Subconsciously, yes, I’ve always wanted to talk about representation. I didn’t know what it meant when I started my YouTube channel, but there was definitely a community that liked me for who I was. I really started to think about my own choices and how I saw my body and what I wanted to change in my mindset. It was the audience that pushed me to talk more and more about body positivity. In my post graduate degree, I had made a documentary of 13 different women called Our Body that went viral. I then saw the impact it had on people regardless of their gender, shape and size, and realized that everyone has a hard time. I wanted to talk about self-love, fitness and change the fashion industry and society for good.

Did you have physical problems as a child?

I have had many problems with my body. As a kid I loved my chubby because everyone thought it was cute. Later, when I went to school, the same cuteness became “tu kitni moti hai, tu kitni bhais hai”. So many of these adjectives get attached to you and you start hating your body. I’ve hated my body the longest. I was bullied every day and not only at school but also at home by family members and my own parents, siblings. I was compared to my older sister for losing weight and becoming the thinnest of the girls. My father and I did not have a good relationship at the time because I was very tall. Even with mom it was the same. I’ve always had a love-hate relationship with my body because I’ve gained and lost weight many times. It was only later that I learned the meaning of self-love and body positivity, and that the only validation that matters is the affirmation that comes from within.

Do you like what you do?

I love what I do; I’m obsessed because I put my heart and soul into it. I don’t want to be preachy, but I also want to make fashion accessible and recognizable to larger bodies. And not only talk, but also walk. To me, I’m a tough boss who won’t stop until I change the fashion industry and frankly the world for good. I will continue to talk about body positivity, body neutrality, self-love and inclusivity.

Who has been your inspiration?

At the time, it was Bethany Mota. She was very bubbly and cheerful in her videos. And, was a ball of sun for me. I’ve seen her grow and paths break. She inspired me to start my own channel. At the moment I absolutely love Masoom Minawala, Komal Pandey, Prajakta Koli, Kusha Kapila and Dolly Singh.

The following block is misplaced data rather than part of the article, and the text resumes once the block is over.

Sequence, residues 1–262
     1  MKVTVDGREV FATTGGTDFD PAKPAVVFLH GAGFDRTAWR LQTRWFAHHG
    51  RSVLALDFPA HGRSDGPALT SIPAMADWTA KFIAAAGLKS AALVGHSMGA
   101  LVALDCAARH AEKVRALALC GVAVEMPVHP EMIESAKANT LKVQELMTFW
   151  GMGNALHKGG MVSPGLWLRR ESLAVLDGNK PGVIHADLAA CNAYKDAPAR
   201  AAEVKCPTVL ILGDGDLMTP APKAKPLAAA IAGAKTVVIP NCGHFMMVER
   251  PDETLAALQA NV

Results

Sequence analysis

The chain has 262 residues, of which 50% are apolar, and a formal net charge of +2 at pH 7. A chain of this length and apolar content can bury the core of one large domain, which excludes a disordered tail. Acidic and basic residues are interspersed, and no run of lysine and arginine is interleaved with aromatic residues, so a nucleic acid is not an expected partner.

What is your take on the social media influencer space?

The industry has fully grown. Digital marketing is the future. Social media influencers are the new age celebrities. They are more recognizable, fresh and they challenge standards. The idea that you can be anyone in the world and become anyone is revolutionary. The possibilities are endless and it is open to everyone. You can influence people even if you are not an S&M influencer. In India we still have a lot to learn and we will be there in time.

Do you think influencers on social media can bring about positive change?

I absolutely believe that body positive makers have brought about a change. They have made people feel more comfortable in their own skin. You need to remind people to take care of themselves and body positivity is about taking care of your health and fitness no matter your size and shape. There are so many body positivity creators that can make you feel good about yourself and others who may not be of much value to you. Follow those who value you, who make you feel good about yourself, who make you happy. We challenge society and not just the fashion industry. We’re just changing the definition of what’s considered normal and beautiful, and that’s powerful.